I’ve been contemplating whether anyone likes to go for medical examinations. I’m thinking of colonoscopies, dental exams, mammograms, stress tests, blood draws, and other more or less routine examinations of physical functioning. I’m guessing most people don’t like these procedures much, even though medical examinations provide important information and can contribute to our good health and well-being.
Why are medical and physical assessments so darn unpleasant? One part of the unpleasantness is probably the intrusiveness. Assessments are all about gathering information; medical assessments involve gathering information about things that trigger vulnerability. Sometimes we have to be naked while we let strangers look at us and poke and prod our bodies. Even worse, medical examinations generally focus on our flaws, our weaknesses, and potential illness or disease. Whether we’re stepping on the scale in front of the medical technician or being asked, “How much alcohol do you drink?” insecurities and defensiveness can get activated. Two weeks ago when I got weighed at the doctor’s office, I wanted to complain, “Hey. That’s not right. Your scales are off. At home I weigh at least 6 pounds less than that!” What stopped me? The realization that complaining about my weight might look and sound even worse than just accepting the number. . . and so I kept quiet about my opinion. Partly–as one of my former grad students would say–we’re all about impression management.
If physical examinations trigger insecurity and vulnerability, just imagine what gets triggered in the mental and emotional domains. While at the medical office I got asked items from the PHQ-9 and GAD-7. I said “No” to every symptom, explaining, “Hey. I know all about these assessments and have written articles about them.” My med tech person wasn’t especially interested. I suspect, given her devotional attention to the computer screen, that she might not have been super-interested even if I had complained of depression or anxiety symptoms. But that’s speculation. She might have turned to me and tuned in like an empathic laser.
Nowadays, everybody is supposed to be on the alert and, if needed, ask about suicide. This idea, although theoretically great, doesn’t work all that well in reality. During a recent integrated behavioral health (IBH) training I learned of an IBH program that’s now devoting a whole three minutes to suicide assessment. Oh my. No wonder, based on a meta-analysis of 70 studies, about 60% of people who died by suicide, denied suicide ideation when asked by a general practitioner or psychiatrist (McHugh et al., 2019).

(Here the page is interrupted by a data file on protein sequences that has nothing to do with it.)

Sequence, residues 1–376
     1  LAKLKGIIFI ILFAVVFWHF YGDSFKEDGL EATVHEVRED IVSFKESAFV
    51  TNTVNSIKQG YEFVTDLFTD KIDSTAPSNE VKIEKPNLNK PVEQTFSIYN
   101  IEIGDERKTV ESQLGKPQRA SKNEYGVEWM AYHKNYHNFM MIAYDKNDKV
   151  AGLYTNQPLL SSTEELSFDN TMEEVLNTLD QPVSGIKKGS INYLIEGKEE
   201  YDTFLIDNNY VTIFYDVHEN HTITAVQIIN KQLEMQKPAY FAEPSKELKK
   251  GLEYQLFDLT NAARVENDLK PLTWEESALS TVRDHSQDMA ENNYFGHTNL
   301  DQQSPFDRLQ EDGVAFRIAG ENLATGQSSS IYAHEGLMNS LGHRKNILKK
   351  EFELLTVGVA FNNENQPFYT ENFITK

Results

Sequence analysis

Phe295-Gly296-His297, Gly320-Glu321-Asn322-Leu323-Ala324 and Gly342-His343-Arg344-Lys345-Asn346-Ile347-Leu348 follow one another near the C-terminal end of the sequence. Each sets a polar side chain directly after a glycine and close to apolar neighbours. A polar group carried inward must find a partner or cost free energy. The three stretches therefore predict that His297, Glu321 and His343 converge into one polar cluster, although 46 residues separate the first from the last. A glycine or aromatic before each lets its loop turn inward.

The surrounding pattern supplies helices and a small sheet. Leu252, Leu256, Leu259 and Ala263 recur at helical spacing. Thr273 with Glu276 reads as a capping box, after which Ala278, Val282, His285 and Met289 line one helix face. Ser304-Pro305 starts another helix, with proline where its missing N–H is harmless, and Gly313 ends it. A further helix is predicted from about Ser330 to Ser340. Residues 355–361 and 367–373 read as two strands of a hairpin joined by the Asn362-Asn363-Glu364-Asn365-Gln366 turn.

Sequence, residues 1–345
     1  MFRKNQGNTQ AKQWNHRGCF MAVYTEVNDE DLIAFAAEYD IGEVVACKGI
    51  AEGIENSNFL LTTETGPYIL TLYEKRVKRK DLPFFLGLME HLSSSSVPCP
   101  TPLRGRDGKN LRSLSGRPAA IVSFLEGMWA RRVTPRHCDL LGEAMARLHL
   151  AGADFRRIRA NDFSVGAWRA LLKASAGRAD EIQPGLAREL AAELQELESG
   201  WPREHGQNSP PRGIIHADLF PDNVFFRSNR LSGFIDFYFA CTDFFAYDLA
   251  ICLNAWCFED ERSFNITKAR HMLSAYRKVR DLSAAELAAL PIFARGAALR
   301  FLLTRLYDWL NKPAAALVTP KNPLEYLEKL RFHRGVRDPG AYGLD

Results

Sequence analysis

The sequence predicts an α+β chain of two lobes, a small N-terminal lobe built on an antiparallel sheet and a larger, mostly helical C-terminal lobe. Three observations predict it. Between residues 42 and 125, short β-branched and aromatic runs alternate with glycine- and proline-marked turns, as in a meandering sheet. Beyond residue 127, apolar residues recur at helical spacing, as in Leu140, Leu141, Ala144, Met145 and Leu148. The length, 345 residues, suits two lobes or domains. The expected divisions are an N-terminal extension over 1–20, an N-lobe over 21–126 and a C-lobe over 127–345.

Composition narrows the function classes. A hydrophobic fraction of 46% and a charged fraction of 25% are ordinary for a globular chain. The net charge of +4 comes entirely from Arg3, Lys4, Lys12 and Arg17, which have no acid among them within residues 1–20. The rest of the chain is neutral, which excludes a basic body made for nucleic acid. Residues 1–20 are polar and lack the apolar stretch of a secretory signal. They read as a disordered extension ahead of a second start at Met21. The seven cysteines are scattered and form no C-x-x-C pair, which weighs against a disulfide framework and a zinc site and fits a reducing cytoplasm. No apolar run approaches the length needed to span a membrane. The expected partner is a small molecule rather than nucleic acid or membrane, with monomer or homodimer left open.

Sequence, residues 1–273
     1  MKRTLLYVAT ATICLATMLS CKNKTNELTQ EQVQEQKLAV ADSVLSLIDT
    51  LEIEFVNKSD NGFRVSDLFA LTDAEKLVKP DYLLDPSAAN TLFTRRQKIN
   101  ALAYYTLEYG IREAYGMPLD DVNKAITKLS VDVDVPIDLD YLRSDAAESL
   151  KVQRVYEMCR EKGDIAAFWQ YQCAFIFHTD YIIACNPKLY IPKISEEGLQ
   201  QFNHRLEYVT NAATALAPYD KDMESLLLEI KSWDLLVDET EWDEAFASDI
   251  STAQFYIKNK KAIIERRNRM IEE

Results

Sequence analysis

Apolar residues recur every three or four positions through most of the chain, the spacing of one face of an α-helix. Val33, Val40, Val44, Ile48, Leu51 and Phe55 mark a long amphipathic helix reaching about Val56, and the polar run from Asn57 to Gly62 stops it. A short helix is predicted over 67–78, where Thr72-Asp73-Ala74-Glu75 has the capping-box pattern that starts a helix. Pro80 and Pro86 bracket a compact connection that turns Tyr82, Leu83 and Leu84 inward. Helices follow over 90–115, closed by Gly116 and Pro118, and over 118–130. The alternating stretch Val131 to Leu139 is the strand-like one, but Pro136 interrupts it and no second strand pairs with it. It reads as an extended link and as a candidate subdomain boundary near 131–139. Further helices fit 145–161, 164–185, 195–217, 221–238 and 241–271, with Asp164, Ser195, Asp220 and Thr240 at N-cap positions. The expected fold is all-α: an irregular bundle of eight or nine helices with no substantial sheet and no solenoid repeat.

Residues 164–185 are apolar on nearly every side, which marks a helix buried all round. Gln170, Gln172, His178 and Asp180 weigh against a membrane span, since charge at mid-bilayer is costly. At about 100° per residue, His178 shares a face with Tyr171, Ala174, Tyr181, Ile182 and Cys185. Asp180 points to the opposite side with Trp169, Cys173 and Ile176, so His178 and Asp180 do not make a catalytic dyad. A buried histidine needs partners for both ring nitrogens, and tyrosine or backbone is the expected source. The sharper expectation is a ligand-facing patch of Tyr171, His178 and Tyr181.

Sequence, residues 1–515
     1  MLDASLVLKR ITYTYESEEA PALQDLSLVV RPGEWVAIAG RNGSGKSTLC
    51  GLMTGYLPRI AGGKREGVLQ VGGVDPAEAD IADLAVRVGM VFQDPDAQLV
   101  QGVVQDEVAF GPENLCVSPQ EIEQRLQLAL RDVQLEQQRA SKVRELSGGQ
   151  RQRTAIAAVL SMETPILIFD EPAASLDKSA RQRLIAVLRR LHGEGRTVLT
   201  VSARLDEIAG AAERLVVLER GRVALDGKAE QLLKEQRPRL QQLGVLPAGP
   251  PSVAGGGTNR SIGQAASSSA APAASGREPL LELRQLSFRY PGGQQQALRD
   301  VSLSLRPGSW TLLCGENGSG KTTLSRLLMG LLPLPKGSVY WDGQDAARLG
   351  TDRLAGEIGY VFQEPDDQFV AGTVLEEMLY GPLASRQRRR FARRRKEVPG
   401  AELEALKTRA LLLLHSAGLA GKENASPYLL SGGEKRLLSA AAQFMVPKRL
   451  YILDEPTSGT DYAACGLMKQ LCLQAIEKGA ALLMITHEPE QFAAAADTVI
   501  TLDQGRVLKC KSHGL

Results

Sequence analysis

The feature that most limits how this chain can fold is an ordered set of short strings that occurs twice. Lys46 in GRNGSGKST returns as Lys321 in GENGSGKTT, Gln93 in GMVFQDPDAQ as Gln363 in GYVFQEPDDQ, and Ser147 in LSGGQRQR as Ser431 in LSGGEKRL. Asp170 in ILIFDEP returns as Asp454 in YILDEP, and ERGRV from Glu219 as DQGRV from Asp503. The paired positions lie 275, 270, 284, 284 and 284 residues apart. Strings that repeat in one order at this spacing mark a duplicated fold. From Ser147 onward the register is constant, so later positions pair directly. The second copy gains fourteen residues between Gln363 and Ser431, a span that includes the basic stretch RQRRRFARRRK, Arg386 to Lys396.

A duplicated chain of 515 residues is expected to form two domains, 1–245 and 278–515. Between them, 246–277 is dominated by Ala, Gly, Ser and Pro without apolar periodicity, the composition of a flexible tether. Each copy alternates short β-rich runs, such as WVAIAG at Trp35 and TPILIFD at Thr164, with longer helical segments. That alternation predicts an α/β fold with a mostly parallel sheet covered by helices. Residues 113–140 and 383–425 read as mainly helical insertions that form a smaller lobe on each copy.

In an early version of the assessment chapter of our upcoming book on suicide assessment and treatment, I jumped headlong into the problems with suicide assessment. I figured, if answering questions about weight or alcohol consumption activate vulnerability and defensiveness, getting asked, “Have you thought about suicide?” likely stokes even greater insecurity and potentially stimulates even more evasiveness.
My early draft section on what’s wrong with suicide assessment, got substantially re-worked, maybe because some people thought I should be nicer, and maybe because I agreed with those people. However, right here on my very own blog I don’t necessarily have to be nicer. You all can tell me if I’m being too mean.
But before we get lost in my not-quite-ready-for-prime-time text below, here are my general conclusions.
1. Although questionnaires are fine for gathering information, if people are suicidal we need to rely on clinical interviews, rather than questionnaires.
2. We should ask about strengths, and not just problems (like the PHQ).
3. We should use normalizing questions (as I’ve written about before). We also need to train people how to use normalizing questions.
4. We should ask with kindness, compassion, and empathy . . . and be prepared to spend more than three minutes on the topic. We also need to train people on how to spend more than three minutes on the topic.
And finally . . . here’s the excerpt.
Currently, in the United States, more professionals are conducting more suicide screenings and suicide assessments than ever before in the history of time. This fact begs the question: If we’re conducting more suicide screenings than ever, why are suicide rates continuing to rise? Could it be possible that suicide screenings increase suicidality?
Traditional responses to this question include:
- We don’t know why suicide rates continue to rise despite prevention efforts
- Asking about suicide doesn’t cause or increase suicidality.
For many years suicide researchers and practitioners have emphasized that asking about suicide doesn’t increase suicidality. Everyone in the suicidology field teaches that clinicians, paraprofessionals, and concerned non-professionals should ask directly about suicide ideation. We agree with this stance. The unanimous message is: